Yes exactly. Note for orchestrators! Don’t ever give your clarinettists more than say four sharps/four flats. If you do keep the parts simple and consult with a clarinetist - no fast passages. As you add accidentals it quickly becomes unplayable. Up to three accidentals is OK most of the time. If you want special effects - such as that opening in Rhapsody in Blue, notice there’s no accidentals for the clarinettist on that one (you can only play the finger slide on all open holes).

When I compose, I find the key is essentially an argument between the Bb instruments any others you might include, such as the Eb. The Eb clarinet is tricky - I play it, but I’m 6’3" and my fingers are rather too long for the instrument (fortunately I’m thin so while they rub together it’s not too bad). There’s no alternate Eb, and it’s hard to play in tune and to play at all, so it definitely wins for most favorable key.

Hm, my procedure is something like

  1. Pick my desired key - check Bb.
  2. More than 3 - check A, if < 3 then continue. If not then goto 1
  3. If it’s a piece that can support A (e.g. not a band piece) then continue, if not then goto 4. Check Eb if any such instruments are included. Adjust Bb/Eb appropriately, if good then continue
  4. I’ll check f, but I’m not sure that’s necessary. In fact apparently horn/trumpet players don’t even want a key signature, instead preferring raw accidentals.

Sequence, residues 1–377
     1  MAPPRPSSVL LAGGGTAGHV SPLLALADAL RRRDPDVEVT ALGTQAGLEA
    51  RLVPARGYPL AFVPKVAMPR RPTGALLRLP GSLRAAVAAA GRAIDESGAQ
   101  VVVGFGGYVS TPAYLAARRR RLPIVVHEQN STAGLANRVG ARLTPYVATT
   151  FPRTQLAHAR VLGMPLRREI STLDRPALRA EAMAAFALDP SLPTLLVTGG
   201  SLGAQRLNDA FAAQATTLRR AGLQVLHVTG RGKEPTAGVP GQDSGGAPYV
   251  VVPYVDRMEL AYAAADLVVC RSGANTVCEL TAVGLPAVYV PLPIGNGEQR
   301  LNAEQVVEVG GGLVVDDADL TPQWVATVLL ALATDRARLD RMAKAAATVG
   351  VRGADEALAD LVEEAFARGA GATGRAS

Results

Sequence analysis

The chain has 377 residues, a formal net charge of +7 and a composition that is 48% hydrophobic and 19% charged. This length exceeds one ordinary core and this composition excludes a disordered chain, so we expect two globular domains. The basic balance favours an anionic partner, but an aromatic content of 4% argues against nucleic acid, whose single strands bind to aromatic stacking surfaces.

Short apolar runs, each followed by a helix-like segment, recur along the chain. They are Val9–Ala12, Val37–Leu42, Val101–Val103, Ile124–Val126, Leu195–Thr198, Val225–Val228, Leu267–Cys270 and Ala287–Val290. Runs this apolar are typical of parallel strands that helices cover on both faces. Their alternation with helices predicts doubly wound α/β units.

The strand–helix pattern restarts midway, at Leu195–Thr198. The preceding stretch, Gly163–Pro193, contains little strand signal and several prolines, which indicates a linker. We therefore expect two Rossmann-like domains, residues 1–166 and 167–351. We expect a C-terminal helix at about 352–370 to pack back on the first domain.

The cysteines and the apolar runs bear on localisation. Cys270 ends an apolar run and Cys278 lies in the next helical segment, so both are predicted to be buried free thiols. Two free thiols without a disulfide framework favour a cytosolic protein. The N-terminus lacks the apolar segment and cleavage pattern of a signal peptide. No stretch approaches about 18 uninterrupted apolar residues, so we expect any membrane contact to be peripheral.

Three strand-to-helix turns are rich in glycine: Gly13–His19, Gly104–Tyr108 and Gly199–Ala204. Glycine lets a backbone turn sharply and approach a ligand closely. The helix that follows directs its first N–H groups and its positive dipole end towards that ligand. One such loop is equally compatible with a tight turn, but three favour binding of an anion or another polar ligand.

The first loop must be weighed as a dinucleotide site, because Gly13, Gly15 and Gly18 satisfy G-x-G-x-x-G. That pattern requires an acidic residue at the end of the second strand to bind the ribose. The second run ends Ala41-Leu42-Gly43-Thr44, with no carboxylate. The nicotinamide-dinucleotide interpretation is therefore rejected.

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Further on the A - it really is only there for a fingering/key alternative. But only expect professional players to have one. Oh, it certainly does have a deeper, throatier tone, but given that AFAIK the clarinet has the highest air pressure of any instrument (your life is spent conditioning your lungs and embouchure), and I’ve heard rumors that composers called for it purely because of the tone, it’s really a practical matter.

You can alternate in a piece of course as you change key signatures, but always give due consideration to the player can adequately prep. Give them some bar rests to quietly blow a note or two if it’s been a long time since played (bonus points if their bar rests are in a loud section otherwise), but they need at least to wet the reed and get themselves set.

It’s harder to play because of the length, so you can do what you want but ideally save the virtuoso solos for Bb. Though having said that the famous Mozart Clarinet Concerto - his last fully completed piece and often considered the greatest concerto ever written, is for A. But it’s not technically hard to play like all Mozart, doing it that way removes all the accidentals, and the piece was originally written for Basset Horn, which is an instrument I’d dearly love to get ahold of. Buffet makes one.

Some recordings of the Mozart do use the basset, which makes a few low passages, especially in the slow movement, incredibly dark and otherworldy. What a magnificent piece it is.
Thanks for your clarifications!


Yeah that’s why I’ve always wanted to have one, it’s a preeminent clarinet IMO with a beautiful, limpid and transparent tone. The bass clarinet (I also play) is more chunky, it bites, but the Basset is just wonderful.